Rear of camera shows how the roll film carrier is mounted on the inside back. Roll film spools are now pushed inside the body on either side of the bellows. Loading and unloading Eastman's Transparent Film was difficult and had to be done in the darkroom; which is one of the camera's weak points when compared to the new 1897 Cartridge Kodak Camera.
Camera bottom showing lever locks to release the back, winding key and film counter.
Dating the Flat Folding Kodak and Production There is some confusion about the availability dates. What should be taken into account is for the camera's advertising dates to match its catalogue listings. When looking at factory catalogues and advertisements, references for the Flat Folding Kodak only appear from 1895 to 1897. At this time, no 1894 references are known. Additionally, no 1896 references have been found but the camera's last listing is in the June 1897 Kodak U.K. catalogue. Several 1895 advertisements mention the camera as "new" or "introduced." Differing opinions about the camera's market presence, i.e. 1894, is more than likely a misinterpretation of information from Kodak's Production Order Book.

As background, Kodak maintained a ledger that tracked equipment "orders." Even though the Flat Folding Kodak was advertised from 1895 to 1897, Kodak's
Production Order Book has entries totaling 400 "ordered" cameras only for the years 1894 and 1895. It is important to note that orders do not equate to actual camera production; yet the Production Order Book has a December 13, 1894 entry stating the initial order of 100 cameras as "First shipment." This implies the cameras were being readied for the 1895 model year and shipped to the London office: Eastman Photographic Materials Co. Ltd.

For 1895, the book includes two order entries for an additional 300 cameras: February (100) and November (200). It is possible that the second order of 200 cameras in November might indicate the earlier February orders were built. Otherwise, there is no documentation that all 300 cameras in the two 1895 orders were manufactured. But there is circumstantial evidence that several cameras in collections with improved features are from the 1895 orders.

Production Improvements Information graciously provided from other collectors gave me an opportunity to closely examine and compare cameras. At this time, a detailed analysis uncovered five build improvements. Of the improvements, the most important appears to be a bellows modification from square to chamfered corners. Chamfered corners wear significantly less than square corners. As a note, most of Kodak's production moved to chamfered corners after 1895.

In comparing the improvements (details to be provided in the forthcoming white paper), I was able to categorize the camera into three types: Early, Transitional, and Improved. Unlike the Folding Kodak series which includes a name change using the term "Improved," Kodak did not update Flat Folding Kodak marketing information to disclose improvements and design changes. For example, all advertising through 1897 has illustrations of square cornered bellows even though five of the Flat Folding Kodaks have chamfered bellows.

Fitting into Kodak's Timeline To fully understand the camera, I mapped it into a timeline of Kodak's early folding bellows cameras and discovered that the Flat Folding Kodak is a pivotal design. It links Kodak's early portable bellows patterns to the future: more specifically (when looking back at past designs) it bridges a gap between the Folding Kodaks and Folding Kodets to Cartridge Kodaks.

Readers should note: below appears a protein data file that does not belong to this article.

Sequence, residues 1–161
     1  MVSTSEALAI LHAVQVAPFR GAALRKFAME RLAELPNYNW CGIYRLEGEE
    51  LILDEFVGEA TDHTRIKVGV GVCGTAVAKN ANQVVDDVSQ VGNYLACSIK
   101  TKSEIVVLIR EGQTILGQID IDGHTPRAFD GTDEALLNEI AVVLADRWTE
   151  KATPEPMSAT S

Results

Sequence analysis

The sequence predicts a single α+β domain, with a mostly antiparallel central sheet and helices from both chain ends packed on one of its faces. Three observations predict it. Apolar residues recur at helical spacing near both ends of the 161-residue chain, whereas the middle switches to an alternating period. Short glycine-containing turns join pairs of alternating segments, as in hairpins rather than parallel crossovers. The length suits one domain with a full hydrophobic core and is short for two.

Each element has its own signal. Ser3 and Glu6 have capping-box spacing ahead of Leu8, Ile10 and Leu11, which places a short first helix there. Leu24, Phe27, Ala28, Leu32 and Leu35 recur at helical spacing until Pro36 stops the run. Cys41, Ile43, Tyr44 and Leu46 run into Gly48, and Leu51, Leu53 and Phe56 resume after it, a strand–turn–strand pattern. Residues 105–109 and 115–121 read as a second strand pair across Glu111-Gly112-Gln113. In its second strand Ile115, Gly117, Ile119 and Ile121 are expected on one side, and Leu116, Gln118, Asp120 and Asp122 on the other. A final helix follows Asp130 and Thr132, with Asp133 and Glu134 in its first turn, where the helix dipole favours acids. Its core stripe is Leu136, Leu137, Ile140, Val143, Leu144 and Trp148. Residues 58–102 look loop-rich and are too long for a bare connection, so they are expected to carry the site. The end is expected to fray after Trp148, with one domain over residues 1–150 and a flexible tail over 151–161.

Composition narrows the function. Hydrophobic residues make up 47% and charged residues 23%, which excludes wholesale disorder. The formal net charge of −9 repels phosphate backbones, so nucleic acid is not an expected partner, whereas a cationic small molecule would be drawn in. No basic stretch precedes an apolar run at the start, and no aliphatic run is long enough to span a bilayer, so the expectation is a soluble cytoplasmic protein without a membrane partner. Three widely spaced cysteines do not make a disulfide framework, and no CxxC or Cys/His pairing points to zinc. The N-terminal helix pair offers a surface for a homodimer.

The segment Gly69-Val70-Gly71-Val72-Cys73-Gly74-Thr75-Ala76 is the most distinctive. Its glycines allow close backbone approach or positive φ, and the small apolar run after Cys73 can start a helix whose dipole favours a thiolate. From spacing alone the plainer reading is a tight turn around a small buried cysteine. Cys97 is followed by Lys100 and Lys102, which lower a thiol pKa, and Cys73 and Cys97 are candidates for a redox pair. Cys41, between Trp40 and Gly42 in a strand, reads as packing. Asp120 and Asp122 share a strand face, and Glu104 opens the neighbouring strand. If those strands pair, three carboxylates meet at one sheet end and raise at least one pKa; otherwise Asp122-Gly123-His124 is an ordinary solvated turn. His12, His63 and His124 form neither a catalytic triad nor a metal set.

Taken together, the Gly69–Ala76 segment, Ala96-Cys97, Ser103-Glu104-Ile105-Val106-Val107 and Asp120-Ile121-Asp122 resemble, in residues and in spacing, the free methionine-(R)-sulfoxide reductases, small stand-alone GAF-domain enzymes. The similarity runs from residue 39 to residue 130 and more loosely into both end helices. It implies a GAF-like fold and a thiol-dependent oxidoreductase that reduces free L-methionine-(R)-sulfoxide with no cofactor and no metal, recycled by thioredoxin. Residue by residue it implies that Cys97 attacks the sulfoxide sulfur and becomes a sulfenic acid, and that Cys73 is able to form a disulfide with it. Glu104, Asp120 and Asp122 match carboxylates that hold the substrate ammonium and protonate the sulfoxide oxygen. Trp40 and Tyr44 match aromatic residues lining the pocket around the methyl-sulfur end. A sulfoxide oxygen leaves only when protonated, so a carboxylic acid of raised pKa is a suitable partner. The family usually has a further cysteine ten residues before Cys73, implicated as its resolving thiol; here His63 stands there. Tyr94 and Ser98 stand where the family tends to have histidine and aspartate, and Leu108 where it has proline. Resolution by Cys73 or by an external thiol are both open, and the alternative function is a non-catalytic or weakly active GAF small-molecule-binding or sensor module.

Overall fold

When placed on a timeline comparing early folding Kodak cameras and the Blair 400, the Flat Folding Kodak's side-spool design represents a shift in Kodak's major roll film designs from 1897 on. The side-spool body pattern appears to establish a new paradigm for nearly all future folding-bellows roll film Kodak cameras, which include horizontal and popular vertical designs. (Note: Though side-spool designs influenced by the Flat Folding Kodak, the smaller format 1897 Folding Pocket Kodak and 1899 No.2 Folding Bulls-Eye cameras are not included to keep the chart simple.)

In summary, rather than seeing the Flat Folding Kodak as an obsolete design, I look at the camera as a way Kodak proved the practicality and simplicity of side-spool designs.

Bringing the Flat Folding Kodak to Market The time it took Eastman's teams to bring the Flat Folding Kodak to market as a potential response to the Blair 400 appears to be quick. Taking into account the time to create a new design, the Flat Folding Kodak could have been in development from mid-1893 to early-1894; considering the initial order entered into Kodak's Production Order Book was shipped at the end of 1894. The end result was a camera functionally similar, simpler, and less expensive than what existed in the market. This implies a fast development cycle for a release-to-market by 1895.

One method to reduce the time-to-market and manufacturing costs is to copy existing camera parts as well as simplifying the design. The graphic shown here illustrates how early Kodak folding bellows cameras share their pedigrees through similarly (re)designed components. The final body phase (Cartridge Kodak) is Kodak's first large-scale production side-spool design.
What's Next Research continues. When completed, this post will be updated. There is still a lot being uncovered with some surprises. Stay tuned!

Acknowledgements: I want to thank collectors Jos Erdkamp, Ruud Hoff, Gerjo Quicken, David Purcell, and Todd Gustavson (George Eastman Museum Technology Curator) for providing detailed information and pictures of their cameras. More of their contributions will be included in the future paper.
Flat Folding Kodak, 1895-97
Eastman Kodak Company. Rochester, NY